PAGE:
The Quad has a story Introducing the AI4Society Signature Area. Artificial Intelligence for Society is a University of Alberta Signature Area that brings together researchers and instructors from both the sciences and the arts. AI4S looks at how AI can be imagined, designed, and tested so that it serves society. I’m lucky to contribute to this Area as the Associate Director, working with the Director, Eleni Stroulia from Computing Science.

What Mutual Aid Can Do During a Pandemic

A radical practice is suddenly getting mainstream attention. Will it change how we help one another?

The most recent New Yorker (to make to my house) has an important article on What Mutual Aid Can Do During a Pandemic. The article looks at a number of the mutual aid groups popping up to meet local needs like delivering food to disabled people. It is particularly interesting on the long term political impact of this sort of local organizing. Well worth thinking about.

The Viral Virus

Graph of word "test*" over time
Relative Frequency of word “test*” over time

Analyzing the Twitter Conversation Surrounding COVID-19

From Twitter I found out about this excellent visual essay on The Viral Virus by Kate Appel from May 6, 2020. Appel used Voyant to study highly retweeted tweets from January 20th to April 23rd. She divided the tweets into weeks and then used the distinctive words (tf-idf) tool to tell a story about the changing discussion about Covid-19. As you scroll down you see lists of distinctive words and supporting images. At the end she shows some of the topics gained from topic modelling. It is a remarkably simple, but effective use of Voyant.

COVID-19 contact tracing reveals ethical tradeoffs between public health and privacy

Michael Brown has written a nice article in the U of Alberta folio on COVID-19 contact tracing reveals ethical tradeoffs between public health and privacyThe article quotes me extensively on the subject of the ethics of these new bluetooth contact tracing tools. In the interview I tried the emphasize the importance of knowledge and consent.

  • Users of these apps should know that they are being traced through them, and
  • Users should consent to their use.

There are a variety of these apps from the system pioneered by Singapore called TraceTogether to its Alberta cousin ABTraceTogether. There are also a variety of approaches to tracing people from using credit card records to apps like TraceTogether. The EFF has a good essay on Protecting Civil Rights During a Public Health Crisis that I adapt here to provide guidelines for when one might gather data without knowledge or consent:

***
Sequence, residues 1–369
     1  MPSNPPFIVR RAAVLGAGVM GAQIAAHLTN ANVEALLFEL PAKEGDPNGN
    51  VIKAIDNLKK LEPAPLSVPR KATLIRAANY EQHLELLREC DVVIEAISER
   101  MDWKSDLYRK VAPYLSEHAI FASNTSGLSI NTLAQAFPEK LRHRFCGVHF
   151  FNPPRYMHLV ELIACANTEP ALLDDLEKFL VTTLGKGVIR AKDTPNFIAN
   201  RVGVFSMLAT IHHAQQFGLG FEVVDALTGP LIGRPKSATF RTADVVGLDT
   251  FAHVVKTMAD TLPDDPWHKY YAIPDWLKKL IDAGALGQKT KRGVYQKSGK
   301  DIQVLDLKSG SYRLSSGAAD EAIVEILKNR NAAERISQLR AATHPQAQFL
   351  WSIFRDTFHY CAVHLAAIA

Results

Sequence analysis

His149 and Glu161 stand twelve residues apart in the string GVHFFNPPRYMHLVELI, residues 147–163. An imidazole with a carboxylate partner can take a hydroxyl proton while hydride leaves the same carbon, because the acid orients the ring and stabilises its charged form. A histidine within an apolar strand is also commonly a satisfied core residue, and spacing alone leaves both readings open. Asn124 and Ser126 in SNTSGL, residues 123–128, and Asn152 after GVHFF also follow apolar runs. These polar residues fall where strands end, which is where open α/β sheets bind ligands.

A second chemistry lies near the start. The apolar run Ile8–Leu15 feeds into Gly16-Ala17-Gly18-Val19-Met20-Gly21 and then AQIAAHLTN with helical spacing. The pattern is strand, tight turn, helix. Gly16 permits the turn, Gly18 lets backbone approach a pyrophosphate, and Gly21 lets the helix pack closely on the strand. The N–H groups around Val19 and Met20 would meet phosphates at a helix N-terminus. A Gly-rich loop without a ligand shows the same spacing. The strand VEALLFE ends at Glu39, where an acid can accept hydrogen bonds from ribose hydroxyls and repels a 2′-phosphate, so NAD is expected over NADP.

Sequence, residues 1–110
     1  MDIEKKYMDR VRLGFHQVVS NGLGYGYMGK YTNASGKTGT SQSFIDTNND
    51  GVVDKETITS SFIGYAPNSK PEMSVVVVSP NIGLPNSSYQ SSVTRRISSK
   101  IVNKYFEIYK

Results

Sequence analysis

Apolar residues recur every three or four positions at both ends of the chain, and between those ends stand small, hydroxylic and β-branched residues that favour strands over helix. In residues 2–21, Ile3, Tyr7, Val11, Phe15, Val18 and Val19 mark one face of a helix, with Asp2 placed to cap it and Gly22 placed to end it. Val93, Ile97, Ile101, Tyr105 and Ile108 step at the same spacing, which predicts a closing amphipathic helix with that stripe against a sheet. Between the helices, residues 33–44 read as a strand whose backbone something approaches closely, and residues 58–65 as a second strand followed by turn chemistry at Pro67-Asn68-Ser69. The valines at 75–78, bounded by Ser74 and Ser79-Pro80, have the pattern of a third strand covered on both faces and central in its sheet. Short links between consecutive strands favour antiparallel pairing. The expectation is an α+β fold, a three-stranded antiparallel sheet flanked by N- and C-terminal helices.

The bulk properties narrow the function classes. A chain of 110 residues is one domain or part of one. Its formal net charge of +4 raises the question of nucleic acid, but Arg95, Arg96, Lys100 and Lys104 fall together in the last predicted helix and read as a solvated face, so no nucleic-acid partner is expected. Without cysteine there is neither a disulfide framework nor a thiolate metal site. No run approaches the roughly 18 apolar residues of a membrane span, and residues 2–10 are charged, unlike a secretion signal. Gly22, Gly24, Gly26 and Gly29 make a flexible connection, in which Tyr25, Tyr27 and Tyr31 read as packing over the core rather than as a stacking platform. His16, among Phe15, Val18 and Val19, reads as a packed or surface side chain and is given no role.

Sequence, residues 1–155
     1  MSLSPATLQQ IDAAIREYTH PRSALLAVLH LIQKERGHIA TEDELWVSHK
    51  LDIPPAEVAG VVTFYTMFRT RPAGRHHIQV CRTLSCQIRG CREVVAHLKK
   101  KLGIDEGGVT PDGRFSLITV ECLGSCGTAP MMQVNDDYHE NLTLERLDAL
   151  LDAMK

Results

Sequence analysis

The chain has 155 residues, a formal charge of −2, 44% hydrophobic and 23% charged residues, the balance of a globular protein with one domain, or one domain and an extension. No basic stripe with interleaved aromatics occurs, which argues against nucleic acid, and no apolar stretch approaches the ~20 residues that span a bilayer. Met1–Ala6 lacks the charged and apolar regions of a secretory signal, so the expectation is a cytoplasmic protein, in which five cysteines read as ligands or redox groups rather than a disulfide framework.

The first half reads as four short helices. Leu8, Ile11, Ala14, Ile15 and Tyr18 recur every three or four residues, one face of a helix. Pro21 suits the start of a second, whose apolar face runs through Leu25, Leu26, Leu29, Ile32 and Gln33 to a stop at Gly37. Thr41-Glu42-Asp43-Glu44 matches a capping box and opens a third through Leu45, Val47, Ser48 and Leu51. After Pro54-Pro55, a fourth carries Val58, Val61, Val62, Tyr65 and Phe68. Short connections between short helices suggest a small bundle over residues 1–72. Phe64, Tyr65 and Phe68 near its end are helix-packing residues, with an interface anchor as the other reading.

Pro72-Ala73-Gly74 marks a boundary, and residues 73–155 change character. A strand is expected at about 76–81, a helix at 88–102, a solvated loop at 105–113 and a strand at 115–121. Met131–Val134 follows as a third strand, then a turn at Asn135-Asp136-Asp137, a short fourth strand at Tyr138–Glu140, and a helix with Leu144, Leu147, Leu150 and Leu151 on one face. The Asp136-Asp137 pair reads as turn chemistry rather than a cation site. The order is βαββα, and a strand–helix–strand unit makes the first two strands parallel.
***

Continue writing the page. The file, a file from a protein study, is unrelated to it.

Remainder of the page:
• Medically necessary: There should be a clear and compelling explanation as to how this will save lives.
  • Personal information proportionate to need: The information gathered should fit the need and go no further.
  • Information handled by health informatics specialists: The gathering and processing should be handled by health informatics units, not signals intelligence or security services.
  • Deleted: It should be deleted once it is no longer needed.
  • Not be organized due to vulnerable demographics: The information should not be binned according to stereotypical or vulnerable demographics unless there is a compelling need. We should be very careful that we don’t use the data to further disadvantage groups.
  • Use reviewed afterwards: The should be a review after the crisis is over.
  • Transparency: Government should transparent about what they are gathering and why.
  • Due process: There should be open processes for people to challenge the gathering of their information or to challenge decisions taken as a result of such information.

260,000 Words, Full of Self-Praise, From Trump on the Virus

The New York Times has a nice content analysis study of Trump’s Coronavirus briefings, 260,000 Words, Full of Self-Praise, From Trump on the Virus. They tagged the corpus for different types of utterances including:

  • Self-congratulations
  • Exaggerations and falsehoods
  • Displays of empathy or appeals to national unity
  • Blaming others
  • Credits others

Needless to say they found he spent a fair amount of time congratulating himself.

They then created a neat visualizations with colour coded sections showing where he shows empathy or congratulates himself.

According to the article they looked at 42 briefings or other remarks from March 9 to April 17, 2020 giving them a total of 260,000 words.

I decided to replicate their study with Voyant and I gathered 29 Coronavirus Task Force Briefings (and one Press Conference) from February 29 to April 17. These are all the Task Force Briefings I could find at the White House web site. The corpus has 418,775 words, but those include remarks by people other than Trump, questions, and metadata.

Some of the things that struck me are the absence of medical terminology in the high frequency words. I was also intrigued by the prominence of “going to”. Trump spends a fair amount of time talking about what he and others are going to be doing rather than what is done. Here you have a Contexts panel from Voyant.

Is this crisis a turning point?

The era of peak globalisation is over. For those of us not on the front line, clearing the mind and thinking how to live in an altered world is the task at hand.

John Gray has written an essay in the New Statesman on Why this crisis is a turning point in history. He argues that the era of hyperglobalism is at an end and many systems may not survive the shift to something different. Many may think we will, after a bit of isolated pain, return to the good old expanding wealth, but the economic crisis that is now emerging may break that dream. Governments and nations may be broken by collapsing systems.